The PTSD came from being verbally and physically abused.
Symptoms for PTSD:
Persistent Re-experiencing. A person experiences one or more of the following:
Recurrent nightmares or flashbacks
Recurrent images or memories of the event
Intense distress at reminders of the trauma
Physical reactions to triggers that symbolize or resemble the event
Avoidant/Numbness Responses. A person experiences three or more of the following:
Efforts to avoid feelings or triggers associated with the trauma
Avoidance of activities, places or people that remind the person of the trauma
Inability to recall an important aspect of the trauma
Feelings of detachment or estrangement from others
Restricted range of feelings
Difficulty thinking about the long-term future
A person experiences two or more of the following:
Difficulty falling asleep or staying asleep
Outbursts of anger/irritability
Increased vigilance that may be maladaptive
Exaggerated startle response
What is posttraumatic stress disorder (PTSD) and who is at risk?
Combat, sexual assault, a natural disaster or a terrorist attack are examples of traumatic psychological events that can cause PTSD. These severely traumatic events often have a direct physical impact and occur within a violent context. Veterans who have been injured in combat are at high risk for PTSD because they have sustained a direct injury in a violent setting. Survivors of rape have experienced physical and emotional trauma which is associated with very high rates of posttraumatic responses. These events can be a single occurrence in a person’s lifetime or they can occur repeatedly, such as in the case of ongoing physical abuse or an extended or repeated tour of duty in a war zone. The severity of traumatic events and duration of exposure are critical risk factors for developing PTSD.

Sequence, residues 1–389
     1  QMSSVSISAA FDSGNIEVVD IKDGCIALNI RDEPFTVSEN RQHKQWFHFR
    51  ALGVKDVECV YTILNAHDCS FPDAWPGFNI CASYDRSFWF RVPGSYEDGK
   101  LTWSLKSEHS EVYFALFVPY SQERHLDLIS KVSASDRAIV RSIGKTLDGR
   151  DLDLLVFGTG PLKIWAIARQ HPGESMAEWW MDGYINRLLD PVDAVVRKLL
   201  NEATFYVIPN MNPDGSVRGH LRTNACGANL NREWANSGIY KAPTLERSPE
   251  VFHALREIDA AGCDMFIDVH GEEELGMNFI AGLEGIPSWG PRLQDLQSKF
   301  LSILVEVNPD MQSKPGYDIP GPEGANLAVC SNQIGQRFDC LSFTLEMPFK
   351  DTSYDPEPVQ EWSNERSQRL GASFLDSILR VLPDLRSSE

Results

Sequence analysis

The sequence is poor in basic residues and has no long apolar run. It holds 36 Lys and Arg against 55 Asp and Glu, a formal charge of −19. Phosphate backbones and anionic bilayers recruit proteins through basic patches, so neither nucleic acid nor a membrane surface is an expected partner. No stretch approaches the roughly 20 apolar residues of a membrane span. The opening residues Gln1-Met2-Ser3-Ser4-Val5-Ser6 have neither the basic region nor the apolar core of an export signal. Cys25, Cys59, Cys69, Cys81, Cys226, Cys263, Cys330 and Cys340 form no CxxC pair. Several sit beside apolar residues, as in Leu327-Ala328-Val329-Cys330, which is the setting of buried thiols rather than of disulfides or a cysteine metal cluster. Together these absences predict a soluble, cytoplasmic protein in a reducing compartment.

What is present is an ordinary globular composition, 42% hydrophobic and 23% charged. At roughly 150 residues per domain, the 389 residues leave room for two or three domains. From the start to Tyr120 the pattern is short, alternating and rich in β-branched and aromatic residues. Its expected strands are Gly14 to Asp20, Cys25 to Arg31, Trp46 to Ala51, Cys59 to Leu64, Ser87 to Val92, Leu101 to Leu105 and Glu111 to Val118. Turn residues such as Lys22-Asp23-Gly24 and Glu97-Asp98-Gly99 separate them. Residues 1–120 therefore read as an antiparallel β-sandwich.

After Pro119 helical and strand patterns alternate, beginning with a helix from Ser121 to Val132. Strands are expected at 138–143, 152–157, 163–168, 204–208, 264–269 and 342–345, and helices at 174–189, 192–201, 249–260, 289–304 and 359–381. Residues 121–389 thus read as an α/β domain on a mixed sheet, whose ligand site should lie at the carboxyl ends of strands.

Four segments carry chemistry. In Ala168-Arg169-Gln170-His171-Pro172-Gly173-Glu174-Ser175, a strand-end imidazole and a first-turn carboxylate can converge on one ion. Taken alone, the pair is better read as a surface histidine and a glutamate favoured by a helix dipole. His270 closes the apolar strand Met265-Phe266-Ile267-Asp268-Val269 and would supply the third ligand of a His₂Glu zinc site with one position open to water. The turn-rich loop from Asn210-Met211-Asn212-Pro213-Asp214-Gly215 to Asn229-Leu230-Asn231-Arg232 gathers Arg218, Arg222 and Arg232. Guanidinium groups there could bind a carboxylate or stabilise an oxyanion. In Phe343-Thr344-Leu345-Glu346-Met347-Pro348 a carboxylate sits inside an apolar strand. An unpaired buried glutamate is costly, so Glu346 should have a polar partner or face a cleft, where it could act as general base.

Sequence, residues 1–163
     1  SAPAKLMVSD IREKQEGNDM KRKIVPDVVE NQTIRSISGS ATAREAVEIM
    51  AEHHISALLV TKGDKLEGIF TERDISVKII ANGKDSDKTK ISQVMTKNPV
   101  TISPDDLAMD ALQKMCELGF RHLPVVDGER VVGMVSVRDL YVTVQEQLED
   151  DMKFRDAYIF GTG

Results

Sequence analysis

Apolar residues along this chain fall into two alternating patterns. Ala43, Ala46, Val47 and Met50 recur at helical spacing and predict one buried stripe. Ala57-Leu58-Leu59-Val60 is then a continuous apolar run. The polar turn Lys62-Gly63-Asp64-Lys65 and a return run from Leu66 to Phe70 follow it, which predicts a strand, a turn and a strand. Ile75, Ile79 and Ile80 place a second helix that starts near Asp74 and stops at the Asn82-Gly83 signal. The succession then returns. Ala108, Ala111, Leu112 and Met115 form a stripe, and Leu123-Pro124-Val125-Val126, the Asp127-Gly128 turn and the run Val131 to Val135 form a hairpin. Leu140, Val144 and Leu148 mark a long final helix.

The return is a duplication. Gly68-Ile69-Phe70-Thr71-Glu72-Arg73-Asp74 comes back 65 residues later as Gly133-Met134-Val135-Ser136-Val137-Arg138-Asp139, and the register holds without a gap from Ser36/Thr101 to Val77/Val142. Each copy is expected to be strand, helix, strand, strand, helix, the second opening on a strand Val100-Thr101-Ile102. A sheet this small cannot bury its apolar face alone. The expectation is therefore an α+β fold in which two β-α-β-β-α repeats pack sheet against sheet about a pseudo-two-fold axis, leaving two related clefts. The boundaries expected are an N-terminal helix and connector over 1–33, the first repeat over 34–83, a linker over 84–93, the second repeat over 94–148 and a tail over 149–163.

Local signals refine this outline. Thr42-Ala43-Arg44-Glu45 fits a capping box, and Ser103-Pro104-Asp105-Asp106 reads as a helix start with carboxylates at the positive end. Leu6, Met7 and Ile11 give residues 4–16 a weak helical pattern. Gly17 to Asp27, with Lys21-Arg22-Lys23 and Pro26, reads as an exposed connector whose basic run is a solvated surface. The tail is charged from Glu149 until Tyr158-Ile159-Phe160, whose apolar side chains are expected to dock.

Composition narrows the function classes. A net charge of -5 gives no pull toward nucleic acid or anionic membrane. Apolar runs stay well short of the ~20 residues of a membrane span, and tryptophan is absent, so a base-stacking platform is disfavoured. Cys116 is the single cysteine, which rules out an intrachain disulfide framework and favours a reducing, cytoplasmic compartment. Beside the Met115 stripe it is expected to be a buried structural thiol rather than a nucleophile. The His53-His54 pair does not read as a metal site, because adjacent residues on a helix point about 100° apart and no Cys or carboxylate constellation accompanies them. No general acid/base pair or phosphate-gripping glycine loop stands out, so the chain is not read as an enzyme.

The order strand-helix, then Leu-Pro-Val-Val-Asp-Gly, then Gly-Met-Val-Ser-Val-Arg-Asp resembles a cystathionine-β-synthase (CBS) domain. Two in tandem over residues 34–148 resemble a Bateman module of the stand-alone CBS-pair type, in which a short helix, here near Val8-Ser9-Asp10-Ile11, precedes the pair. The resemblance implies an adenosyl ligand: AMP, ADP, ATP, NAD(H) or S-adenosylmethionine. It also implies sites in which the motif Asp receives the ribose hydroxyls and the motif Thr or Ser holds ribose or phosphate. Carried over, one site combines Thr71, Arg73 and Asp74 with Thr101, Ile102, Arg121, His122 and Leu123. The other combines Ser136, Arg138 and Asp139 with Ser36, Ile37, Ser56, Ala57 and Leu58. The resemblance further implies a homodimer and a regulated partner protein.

"At times it's very hard with the bipolar disorder because I have anxiety and I get upset and when I get upset I want to scream and hit and I know I can't here," says Strickler.
Symptoms of mania are as follows:
Extreme happiness for an extended period of time
An abnormally increased level of irritability
Overconfidence or an extremely inflated self-esteem
Decreased amount of sleep
Risky behavior, such as spending sprees and impulsive sex
Racing thoughts, jumping quickly from one idea to another
Agitation or “jumpiness.”
Symptoms of depression are as follows:
Diminished capacity for pleasure or loss of interest in activities once enjoyed
A long period of feeling hopeless or helpless with low self-esteem
Decreased amount of energy and constant fatigue
Inability to concentrate and make simple decisions
Changes in eating, sleeping or other daily habits
Agitation or slow movement, speech or thought
Thoughts of death or suicide attempts.
Recently, Strickler says she has been receiving help from the Salvation Army and has been trying to become dependent. "I don't like being homeless, I'm ready to be on my own but I know it takes some time."
"You know it's difficult for people with mental health issues to really have to advocate for themselves and to navigate mental health services, the behavioral health clinic, it can be a real labyrinth so that's why it's nice that El Rio has behavioral health because it's more seamless."
El Rio staff say they help provide their patients by prescribing medication and even provide free transportation for them to arrive at their doctor appointments.
Strickler says she dreams of one day working in the medical field and her goal is to have her own home soon.